You might be thinking, isn’t half the point of Electron precisely that you can have access to Node from within a web page? We wouldn’t have much of a desktop app if all of a sudden we had no access to desktop superpowers like file system access! There is a way out, however — we can instead define an interop API via a preload script that gets run before Electron loads our guest page into the renderer. Within this preload script we still have access to Node, so we can use that to expose only the bare minimum functionality our web app needs, and nothing else. So what does this path look like?
- Load your remote web app inside of a BrowserWindow or an Electron container (webview or BrowserView)
- Disable Node integration and enable context isolation — this blocks access to Node and Electron built-ins from within the guest page
- Preload script is run before loading the remote guest page
- This preload script has access to Node built-ins
- Design an API that exposes the bare minimum surface area needed for your remote web app to work Desktop Magic ✨
We’ll focus on just a handful of config changes here, but it’s worth noting that to achieve full remote isolation you have to fiddle with a lot of knobs and levers — many more than I can detail in this post. In addition to disabling Node integration and enabling context isolation, you’ll also need to investigate Chromium process sandboxing and potentially OS-level app sandboxing (for Windows, Mac, and Linux) as well, to name a few considerations. For more details on security best practices, including a more thorough remote isolation pattern, please read through the entire Electron security guide.
To achieve full remote isolation you have to fiddle with a lot of knobs and levers
So, what might a very minimal, somewhat non-comprehensive implementation look like in code?
Let’s see where this path takes us:
You reach the source of the reflection in the distance only to discover that the glint is fire. The walls have collapsed, fires blaze where there ought to be none, and countless would-be adventurers lay unconscious throughout the crumbling facade. You begin to question your life choices.
Uh oh. This seemed so promising too!
This path definitely brings some benefits to maintainability. Much like The Shortcut, this approach shares the same client as your web app — this means that you get to take advantage of your remote web app’s continuous deployment pipeline. As a result, your Electron app “should” automatically have feature parity with your web app (barring any bugs, of course). Instead of having to build a separate native client and go out of your way to ensure it meets all the same specs as your web app, you just get all that, essentially, for free.
Despite these benefits, there are some pitfalls: this approach does add some CPU and memory overhead, especially if you’re using an Electron container. Every container / context is its own separate process, with its own execution context and process block structures, and this can add up if you happen to be spawning multiple containers. You’ll also need to communicate between these processes and the main and root renderer processes. Electron provides a remote procedure call (RPC) mechanism for this, but since these remote method calls boil down to synchronous IPC message passing, relying on these remote objects for communicating between the guest page and parent renderer process will likely make your app really slow. These calls can block threads and your users will experience this as a hang — probably not what you want. You could also use IPC directly, but messages must be serializable, and any state changes would have to be synchronized between all processes.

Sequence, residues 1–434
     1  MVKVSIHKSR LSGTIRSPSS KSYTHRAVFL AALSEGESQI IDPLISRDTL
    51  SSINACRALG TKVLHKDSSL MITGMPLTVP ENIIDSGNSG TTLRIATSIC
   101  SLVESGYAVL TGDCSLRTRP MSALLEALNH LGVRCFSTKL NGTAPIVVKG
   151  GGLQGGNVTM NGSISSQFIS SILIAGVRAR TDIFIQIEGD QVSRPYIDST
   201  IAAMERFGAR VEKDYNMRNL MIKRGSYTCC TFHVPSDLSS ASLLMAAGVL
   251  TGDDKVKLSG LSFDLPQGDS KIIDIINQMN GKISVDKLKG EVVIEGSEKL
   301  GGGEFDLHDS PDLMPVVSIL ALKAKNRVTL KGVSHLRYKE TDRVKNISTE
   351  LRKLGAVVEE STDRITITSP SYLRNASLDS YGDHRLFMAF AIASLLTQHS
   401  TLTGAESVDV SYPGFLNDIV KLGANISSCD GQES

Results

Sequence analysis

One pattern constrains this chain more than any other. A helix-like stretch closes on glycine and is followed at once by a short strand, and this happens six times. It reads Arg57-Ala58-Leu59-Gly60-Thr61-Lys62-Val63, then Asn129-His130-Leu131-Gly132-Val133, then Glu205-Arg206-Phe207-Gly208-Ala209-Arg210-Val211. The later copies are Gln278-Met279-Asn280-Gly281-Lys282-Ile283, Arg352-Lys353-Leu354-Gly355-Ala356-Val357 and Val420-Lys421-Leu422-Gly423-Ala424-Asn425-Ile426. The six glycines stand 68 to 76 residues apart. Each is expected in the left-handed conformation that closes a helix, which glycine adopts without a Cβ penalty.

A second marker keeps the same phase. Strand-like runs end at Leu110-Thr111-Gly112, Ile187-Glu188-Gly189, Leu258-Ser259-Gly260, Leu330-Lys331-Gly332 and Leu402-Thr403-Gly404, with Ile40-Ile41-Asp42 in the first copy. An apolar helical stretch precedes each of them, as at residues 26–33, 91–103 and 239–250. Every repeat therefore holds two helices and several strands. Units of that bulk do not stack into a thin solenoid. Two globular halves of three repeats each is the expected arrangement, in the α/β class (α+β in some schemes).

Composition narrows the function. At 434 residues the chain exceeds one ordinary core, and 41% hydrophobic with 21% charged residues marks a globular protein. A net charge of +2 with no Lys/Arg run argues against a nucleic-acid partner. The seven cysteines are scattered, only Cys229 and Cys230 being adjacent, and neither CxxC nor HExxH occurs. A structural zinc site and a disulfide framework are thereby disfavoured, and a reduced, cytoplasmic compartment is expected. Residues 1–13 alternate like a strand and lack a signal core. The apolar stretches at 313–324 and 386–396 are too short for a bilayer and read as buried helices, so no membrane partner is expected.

Moreover, depending on which remote isolation approach you choose, you may be introducing a wellspring of endless bugs for yourself and your users. If you’re curious about some of the webview bugs you might run into, take a gander at our earlier post about re-architecting the Slack Desktop app for 3.0.
There are also some maintainability pitfalls: when you load your entire remote web app into a container, it’s really difficult to reuse parts of your remote web app — it’s all or nothing. For example, let’s say your web app had a delightful modal dialog UI component, and you wanted to reuse that for a code path exclusive to desktop apps (e.g. handling connections to corporate proxies). How would you accomplish that with the Remote Isolation approach? Well… you’re probably going to have to copy and paste it into your desktop app repo. Since this path treats Electron like a wrapper around your remote web app, unless your web app exposes something on the level of a single UI component independent from any web-app-specific state, you won’t be able to access it for reuse.
This pattern also encourages implicit dependencies on the global scope. Since we’re injecting our interop API as a global on the window object, it can be mutated by any module in our remote web app’s dependency tree at any point, with none of the guarantees of locks or safe concurrent access. This can make debugging a Sisyphean nightmare. Your app’s globals could also conflict with third-party dependencies (like some jQuery plugins), leading to unpredictable and untestable outcomes.
You must also be extremely mindful when designing your interop API. While in theory the worst that could happen if your remote web app were compromised is that your interop API could be abused, depending on the capabilities of that API and its design, that could be more than enough to wreak total havoc on your users’ machines. For example, don’t expose references to Node modules, because that is tantamount to requiring / importing them directly from your remote web app; don’t expose the require function itself; don’t expose generic IPC interfaces (because this would let your guest page send arbitrary messages to other processes).
It’s worth noting that these mitigations require serving your remote web app exclusively over HTTPS; as HTTP requests and responses are sent as plaintext, they are easily MITMed. It’s also really helpful to define a robust content security policy to prevent potentially untrusted code from violating Cross-Origin Resource Sharing (CORS).
Should you do it? Maybe — only if you’re currently following The Shortcut (loading your remote web app directly into Electron)